now, if i only knew the translation to the words she was singing it probably would've been even better.

Andy said...

Well, as DJRaindog mentioned, it was a hodgepodge of well known tunes from La Traviata, Aida, Rigoletto, Carmen and, of all things Die Walkure, so even if you did understand the individual phrases, it wouldn't make any coherent sort of sense. It was just for fun. (If Walkure seems out of place in Sills' repertoire, I seem to recall that she sang one of the 8 Valkyrie sisters in San Francisco in the 1950s, and I could confirm that if I owned any bookcases and could unpack my boxes from New York.)

Gino said...

"the clever dove-tailing of several major operatic works. "

ok, so thats what he was talking bout. now i get.

i kinda got the impression she was singing some kind of spoof song, or something like that, having to do with pigs, maybe.

"If Walkure seems out of place in Sills' repertoire, "

ya know, i was thinkin the exact same thing. ;)

Mark G. said...

I was reading some obits about her and one said she retired in 1980. She would have been about fifty then. Is that normal? When do opera singers of her caliber usually stop performing?

Andy said...

It depends on several factors. Generally speaking, the higher the voice the younger it matures and the younger it goes south; basses sometimes don't reach vocal maturity until their 30s and then can sing beautifully into their late 70's and beyond. And in addition to physical gifts beyond anyone's control, there's technique and career management. Mirella Freni is 72 and still performing, still singing amazingly well. This is due to incredible technique (you should see the woman breathe) and a very carefully managed repertoire. Other singers burn out much faster -- the classic example is always Maria Callas, but again, there were many contributing factors in play there. For a lyric coloratura like Sills, 50 would be early to call it completely quits but it would be time to start shedding certain roles from the repertoire, typically.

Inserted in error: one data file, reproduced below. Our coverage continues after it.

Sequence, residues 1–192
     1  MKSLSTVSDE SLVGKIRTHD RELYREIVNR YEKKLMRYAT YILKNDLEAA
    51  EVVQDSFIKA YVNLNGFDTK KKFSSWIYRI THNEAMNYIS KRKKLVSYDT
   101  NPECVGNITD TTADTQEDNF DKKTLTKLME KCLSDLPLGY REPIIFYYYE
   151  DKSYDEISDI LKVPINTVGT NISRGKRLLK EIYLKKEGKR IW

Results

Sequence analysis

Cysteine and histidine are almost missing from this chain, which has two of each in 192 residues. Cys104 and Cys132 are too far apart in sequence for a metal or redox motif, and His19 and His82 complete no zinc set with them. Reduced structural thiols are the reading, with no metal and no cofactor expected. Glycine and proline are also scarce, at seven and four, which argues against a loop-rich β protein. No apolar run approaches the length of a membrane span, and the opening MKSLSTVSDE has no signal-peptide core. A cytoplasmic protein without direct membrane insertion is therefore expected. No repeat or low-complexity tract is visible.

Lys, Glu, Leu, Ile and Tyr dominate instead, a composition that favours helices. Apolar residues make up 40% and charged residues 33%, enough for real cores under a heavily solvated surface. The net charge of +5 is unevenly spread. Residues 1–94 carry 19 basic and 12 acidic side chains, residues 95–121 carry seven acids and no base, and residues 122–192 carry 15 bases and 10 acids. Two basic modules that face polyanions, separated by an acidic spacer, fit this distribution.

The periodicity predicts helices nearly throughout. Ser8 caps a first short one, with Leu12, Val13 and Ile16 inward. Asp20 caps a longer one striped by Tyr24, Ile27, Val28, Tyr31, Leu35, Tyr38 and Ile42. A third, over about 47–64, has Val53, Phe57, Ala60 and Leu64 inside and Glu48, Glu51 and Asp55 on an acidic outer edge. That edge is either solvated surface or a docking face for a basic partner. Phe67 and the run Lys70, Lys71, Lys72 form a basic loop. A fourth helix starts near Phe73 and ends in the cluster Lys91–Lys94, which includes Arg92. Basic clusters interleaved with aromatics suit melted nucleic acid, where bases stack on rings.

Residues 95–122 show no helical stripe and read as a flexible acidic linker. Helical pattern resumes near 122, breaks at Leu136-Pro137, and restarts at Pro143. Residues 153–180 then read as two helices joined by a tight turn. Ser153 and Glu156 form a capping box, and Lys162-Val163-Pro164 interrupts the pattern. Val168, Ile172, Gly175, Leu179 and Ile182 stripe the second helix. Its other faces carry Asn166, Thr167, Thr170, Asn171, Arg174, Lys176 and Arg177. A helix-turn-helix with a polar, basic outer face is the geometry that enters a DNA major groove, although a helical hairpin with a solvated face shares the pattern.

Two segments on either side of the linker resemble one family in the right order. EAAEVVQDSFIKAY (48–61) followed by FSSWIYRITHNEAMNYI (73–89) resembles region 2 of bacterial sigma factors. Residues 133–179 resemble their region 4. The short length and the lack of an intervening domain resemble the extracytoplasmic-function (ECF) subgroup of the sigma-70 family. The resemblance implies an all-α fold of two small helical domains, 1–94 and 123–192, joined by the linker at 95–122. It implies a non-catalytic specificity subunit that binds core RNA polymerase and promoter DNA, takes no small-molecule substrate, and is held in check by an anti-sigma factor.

Mark G. said...

Thanks Andy. xo

kr said...

In order of impression:

1) THAT was an expensive set, for the Muppet Show ... I hope they borrowed some of it from the Met ;).

2) Now THAT is what an opera singer should be!

3) Oh, so THAT is probably the episode for which the Valkyrie-type headpieces were made. (Never saw that episode, somehow, but we have two "backstage" kid-puzzles from it.)

4) I miss the Muppet Show :(. Not quite enough to pay for cable, though.

5) Dude, who dubbed Kermit?? (They could at least have hired Andy, who speaks several languages and does a great Kermit imitation ...)

6) DJR--despite all news stories to the contrary, most parents I know ban or heavily supress Barney (here, a ban). Perhaps his perceived popularity is like HRC's "easy win" in the Dem race ;).

Trickish Knave said...

I actually thought of you when I read about her passing the next morning. I figured you knew all about her but didn't know you got to meet her, if only for a little while.

I went and downloaded a Silvery Bells (I didn't know her name was also an anagram) song from uTorrent and it had the word Corinth in it. I apologize for not knowing much more than that; this music is not what I normally listen to. But it was a pretty song nonetheless.